Tudor citizens probably saw little change in their situation from the end of the medieval period, though there was certainly greater stability in the country. The middle class, of men who had often made money in trade, continued to grow and saw more impact on the countryside as they built their own extensive houses.
For Richard Rich at least, one of the upwardly mobile "new men", the dissolution was a blessing and a great opportunity. He managed to gain at least 100 manors in Essex while administering the monastic "spoils", and built himself a mansion in the ruins of Leez Priory.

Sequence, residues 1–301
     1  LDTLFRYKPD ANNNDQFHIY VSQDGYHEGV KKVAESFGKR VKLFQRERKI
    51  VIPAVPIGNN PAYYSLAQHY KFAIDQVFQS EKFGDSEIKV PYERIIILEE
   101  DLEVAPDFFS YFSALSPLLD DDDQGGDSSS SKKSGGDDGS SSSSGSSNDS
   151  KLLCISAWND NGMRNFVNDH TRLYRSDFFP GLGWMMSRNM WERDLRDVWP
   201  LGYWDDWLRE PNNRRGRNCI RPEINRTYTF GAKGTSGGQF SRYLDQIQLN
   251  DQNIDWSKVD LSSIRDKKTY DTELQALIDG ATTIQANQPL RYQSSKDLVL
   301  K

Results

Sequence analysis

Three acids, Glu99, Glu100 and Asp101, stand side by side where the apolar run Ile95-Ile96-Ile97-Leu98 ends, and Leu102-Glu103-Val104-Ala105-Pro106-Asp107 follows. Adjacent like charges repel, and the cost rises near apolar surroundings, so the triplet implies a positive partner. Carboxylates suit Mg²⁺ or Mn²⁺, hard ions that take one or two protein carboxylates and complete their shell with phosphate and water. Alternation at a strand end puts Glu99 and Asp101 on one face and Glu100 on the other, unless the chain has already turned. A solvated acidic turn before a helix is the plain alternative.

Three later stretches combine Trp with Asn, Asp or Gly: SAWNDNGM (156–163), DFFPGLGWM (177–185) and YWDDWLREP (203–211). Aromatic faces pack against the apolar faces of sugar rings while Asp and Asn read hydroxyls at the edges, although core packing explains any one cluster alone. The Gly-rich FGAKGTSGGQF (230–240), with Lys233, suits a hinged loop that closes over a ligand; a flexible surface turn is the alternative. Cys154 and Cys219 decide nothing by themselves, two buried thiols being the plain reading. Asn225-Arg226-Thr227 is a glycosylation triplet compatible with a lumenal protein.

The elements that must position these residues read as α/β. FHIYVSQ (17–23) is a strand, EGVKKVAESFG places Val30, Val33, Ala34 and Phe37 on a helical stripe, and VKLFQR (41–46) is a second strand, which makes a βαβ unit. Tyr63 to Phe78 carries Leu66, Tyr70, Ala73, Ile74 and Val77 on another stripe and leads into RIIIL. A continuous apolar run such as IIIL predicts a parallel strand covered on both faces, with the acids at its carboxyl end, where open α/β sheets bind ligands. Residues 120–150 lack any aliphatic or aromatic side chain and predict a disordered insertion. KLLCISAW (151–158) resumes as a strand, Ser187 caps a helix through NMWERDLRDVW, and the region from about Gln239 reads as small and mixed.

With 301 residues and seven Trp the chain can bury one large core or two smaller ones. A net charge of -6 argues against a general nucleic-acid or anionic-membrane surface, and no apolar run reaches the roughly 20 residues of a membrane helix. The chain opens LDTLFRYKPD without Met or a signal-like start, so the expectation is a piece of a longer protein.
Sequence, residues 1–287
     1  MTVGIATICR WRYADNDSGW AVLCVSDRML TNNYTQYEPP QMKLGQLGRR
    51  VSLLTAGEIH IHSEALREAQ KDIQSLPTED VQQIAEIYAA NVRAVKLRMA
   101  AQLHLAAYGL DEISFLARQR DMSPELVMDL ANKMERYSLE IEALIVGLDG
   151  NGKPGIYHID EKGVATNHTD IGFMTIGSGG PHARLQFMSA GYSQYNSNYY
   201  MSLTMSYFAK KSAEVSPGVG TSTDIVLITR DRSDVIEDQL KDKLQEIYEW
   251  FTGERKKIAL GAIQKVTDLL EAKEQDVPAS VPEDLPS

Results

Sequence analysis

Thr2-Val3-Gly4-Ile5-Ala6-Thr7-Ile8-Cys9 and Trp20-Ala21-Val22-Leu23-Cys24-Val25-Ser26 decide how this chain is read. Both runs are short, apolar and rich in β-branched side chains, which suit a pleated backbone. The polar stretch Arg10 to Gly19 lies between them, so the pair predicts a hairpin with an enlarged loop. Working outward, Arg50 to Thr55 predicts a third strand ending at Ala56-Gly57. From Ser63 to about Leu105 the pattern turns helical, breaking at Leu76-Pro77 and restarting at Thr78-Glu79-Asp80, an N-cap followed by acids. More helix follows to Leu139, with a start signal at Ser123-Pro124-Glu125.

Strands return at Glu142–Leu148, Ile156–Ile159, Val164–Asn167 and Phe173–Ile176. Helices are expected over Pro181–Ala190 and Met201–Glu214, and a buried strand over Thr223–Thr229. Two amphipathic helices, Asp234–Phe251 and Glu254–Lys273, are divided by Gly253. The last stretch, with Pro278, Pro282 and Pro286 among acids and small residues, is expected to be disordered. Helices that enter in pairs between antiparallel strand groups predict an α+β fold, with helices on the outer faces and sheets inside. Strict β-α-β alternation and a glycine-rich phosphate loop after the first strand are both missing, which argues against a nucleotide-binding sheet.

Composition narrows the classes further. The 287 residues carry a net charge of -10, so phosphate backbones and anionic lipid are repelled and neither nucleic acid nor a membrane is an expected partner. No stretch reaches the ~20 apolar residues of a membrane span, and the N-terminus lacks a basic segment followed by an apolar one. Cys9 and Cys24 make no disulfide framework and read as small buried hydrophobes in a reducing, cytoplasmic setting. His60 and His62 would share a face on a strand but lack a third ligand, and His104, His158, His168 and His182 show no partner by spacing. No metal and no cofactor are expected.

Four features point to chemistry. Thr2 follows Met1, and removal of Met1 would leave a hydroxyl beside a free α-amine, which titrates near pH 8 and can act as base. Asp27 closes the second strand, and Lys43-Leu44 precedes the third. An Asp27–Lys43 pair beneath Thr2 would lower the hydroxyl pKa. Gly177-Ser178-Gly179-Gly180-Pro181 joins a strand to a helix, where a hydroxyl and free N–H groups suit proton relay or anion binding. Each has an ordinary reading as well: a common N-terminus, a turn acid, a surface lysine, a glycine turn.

However, even the dissolution of the monasteries probably had little impact on the ordinary people of Tudor Essex, meaning little more than a change in land owners, and leaving the landscape itself largely undisturbed.